After March 31, you'll have to go to China if you want to see these famous terra cotta warriors. A collection of them has been on tour in the US for the past 2 years. Washington, DC is their last stop, and March 31 is their last date. If you want to see the greatest archeological find of the 20th Century close up and close to home, you need to hurry.
(Photo at right taken byJC Leahy at the National Geographic Building, Washington, DC)
The warriors are on exhibit at the National Geographic building located at 17th and M Streets, NW, Washington, DC 20036. Leave your camera at home, because National Geographic strictly prohibits photography. It has omnipresent guards who carefully watch anyone carrying a camera. If you ask the guards about it, they will tell you that there is a photo-opportunity at the end of the tour. This so-called photo-op consists of a single imitation terra cotta warrior outside the exhibit exit with poor lighting and a horrid orange background. Parking could be another problem. There are a limited number of on-street, public, metered parking spaces and a few parking garages within walking distance. Consider Metro for this one.
Emperor Qin Shi Huangdi, whose real name was Ying Zheng, by all accounts, was a harsh despot who defeated the Chinese kingdoms of Han, Zhao, Wei, Chu, Yan, and Qi. In doing so, he created one big kingdom -- the first unified Chinese state, in 259 BC. He then proceeded to burn the books he didn't like, and kill the scholars whom he didn't like, and to enslave large numbers of people for "public works" projects. One such public works project was a joining together of separate defensive walls that had been constructed by the various defeated kingdoms.. In hindsight, this connecting of defensive walls is recognized as the precursor of the Great Wall of China. He also created a truly amazing Imperial Palace -- which you will learn about at the National Geographic display. Another major public works project was to create a vast army of these terra cotta warriors, with horses and chariots. This army was buried with him when he died, so that the could serve him in the afterlife. There were at least 7,000 of them because that's how many have been found so far..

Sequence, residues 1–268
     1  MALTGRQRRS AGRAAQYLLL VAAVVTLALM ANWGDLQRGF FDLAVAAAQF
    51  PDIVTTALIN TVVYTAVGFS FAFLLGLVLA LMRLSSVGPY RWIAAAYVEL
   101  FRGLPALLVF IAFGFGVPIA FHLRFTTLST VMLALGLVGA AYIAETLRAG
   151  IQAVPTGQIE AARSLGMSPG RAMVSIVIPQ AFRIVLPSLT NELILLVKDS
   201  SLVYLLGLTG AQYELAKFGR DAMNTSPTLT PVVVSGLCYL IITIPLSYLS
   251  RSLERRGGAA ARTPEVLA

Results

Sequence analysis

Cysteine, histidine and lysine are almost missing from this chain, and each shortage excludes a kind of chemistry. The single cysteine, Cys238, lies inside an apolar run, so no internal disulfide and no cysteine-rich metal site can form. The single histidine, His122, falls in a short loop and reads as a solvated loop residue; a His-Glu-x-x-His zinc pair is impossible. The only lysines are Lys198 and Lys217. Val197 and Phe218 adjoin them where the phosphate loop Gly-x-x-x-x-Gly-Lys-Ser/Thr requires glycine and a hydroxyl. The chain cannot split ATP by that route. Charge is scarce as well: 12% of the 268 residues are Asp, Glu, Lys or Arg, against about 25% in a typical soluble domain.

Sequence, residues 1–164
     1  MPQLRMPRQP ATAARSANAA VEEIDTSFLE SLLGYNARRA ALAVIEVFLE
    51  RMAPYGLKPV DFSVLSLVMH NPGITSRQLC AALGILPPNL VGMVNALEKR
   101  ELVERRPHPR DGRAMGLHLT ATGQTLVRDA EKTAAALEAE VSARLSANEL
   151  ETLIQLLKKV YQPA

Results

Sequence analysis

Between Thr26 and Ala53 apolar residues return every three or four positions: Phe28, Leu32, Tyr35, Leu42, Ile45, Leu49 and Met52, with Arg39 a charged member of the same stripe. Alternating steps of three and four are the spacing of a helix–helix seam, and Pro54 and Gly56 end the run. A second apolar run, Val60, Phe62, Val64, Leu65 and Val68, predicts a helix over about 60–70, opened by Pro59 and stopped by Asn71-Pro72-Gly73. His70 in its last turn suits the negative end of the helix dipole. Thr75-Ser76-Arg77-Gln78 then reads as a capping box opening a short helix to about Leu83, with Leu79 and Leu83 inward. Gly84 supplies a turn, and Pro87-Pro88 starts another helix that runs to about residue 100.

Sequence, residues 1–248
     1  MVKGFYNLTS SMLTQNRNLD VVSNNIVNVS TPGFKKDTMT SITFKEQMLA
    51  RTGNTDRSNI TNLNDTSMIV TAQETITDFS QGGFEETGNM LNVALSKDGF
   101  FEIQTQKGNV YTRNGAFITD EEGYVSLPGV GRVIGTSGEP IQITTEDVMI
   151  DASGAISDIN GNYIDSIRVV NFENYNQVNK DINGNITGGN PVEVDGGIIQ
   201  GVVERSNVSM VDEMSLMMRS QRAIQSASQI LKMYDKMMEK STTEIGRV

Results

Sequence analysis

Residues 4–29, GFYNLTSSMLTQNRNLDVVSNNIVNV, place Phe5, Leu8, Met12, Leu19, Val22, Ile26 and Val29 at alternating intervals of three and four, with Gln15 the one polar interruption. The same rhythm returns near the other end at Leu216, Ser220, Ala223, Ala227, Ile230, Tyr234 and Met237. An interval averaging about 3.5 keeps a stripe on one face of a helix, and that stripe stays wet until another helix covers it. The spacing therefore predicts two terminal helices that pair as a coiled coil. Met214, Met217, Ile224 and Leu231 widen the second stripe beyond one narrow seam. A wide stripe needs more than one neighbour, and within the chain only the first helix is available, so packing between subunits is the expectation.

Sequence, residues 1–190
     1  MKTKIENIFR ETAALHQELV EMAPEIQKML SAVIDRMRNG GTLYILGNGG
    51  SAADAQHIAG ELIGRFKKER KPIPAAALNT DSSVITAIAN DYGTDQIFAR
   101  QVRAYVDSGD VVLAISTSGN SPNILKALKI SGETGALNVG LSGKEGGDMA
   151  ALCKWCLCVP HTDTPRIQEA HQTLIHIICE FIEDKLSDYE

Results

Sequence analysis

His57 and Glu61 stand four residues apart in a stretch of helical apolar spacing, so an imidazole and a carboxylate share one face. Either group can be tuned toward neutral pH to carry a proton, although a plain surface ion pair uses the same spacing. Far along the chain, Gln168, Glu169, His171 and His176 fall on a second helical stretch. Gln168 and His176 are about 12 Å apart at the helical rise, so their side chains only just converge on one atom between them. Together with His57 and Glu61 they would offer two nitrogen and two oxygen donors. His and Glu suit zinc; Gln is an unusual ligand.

The Emperor's influence went far beyond public works projects. Obviously, his biggest influence was that he created a unified Chinese state. He also created a unit of money that lasted into the 20th Century.
On display at the National Geographic is a representative sample from this army -- including soldiers, officers, horses, a chariot, and another carriage.
Emperor Qin Shi Huangdi actually didn't plan to die. At least that wasn't Plan-A. He sent his ministers far and wide seeking an elixir of immortality. While that quest was in progress, however, he was out on an inspection tour of his kingdom when he suddenly became ill and died. To me, this sounds suspicious of poisoning. Luckily, he had his large army to accompany him into the afterlife for Plan-B. He was so hated that his dynasty lasted for only 15 years altogether.
Personally, I scheduled my visit to National Geographic on a Sunday, when downtown traffic would be minimal. I went with a few friends and enjoyed the amazing Sunday Champaign Brunch at the Army and Navy Club on Farragut Square. After brunch, we strolled two blocks to the National Geographic building to view the exhibit. I recommend that approach -- combine a nearby meal, some good company, and this exhibit. You'll have an enjoyable time.
The exhibit is open 7 days a week until March 31. Hours are 10 am to 6pm, except Wednesday it is open till 9pm . Additionally, until March 28, the exhibit is open until 8 pm on Fridays, Saturdays, and Sundays.
Click here to see prices and how to buy tickets. One sneaky little thing to note: In addition to the ticket prices, they charge you another little fee apparently to compensate themselves for doing you the favor of actually selling the ticket. This fee is an irritant but should not dissuade you from attending this excellent exhibit.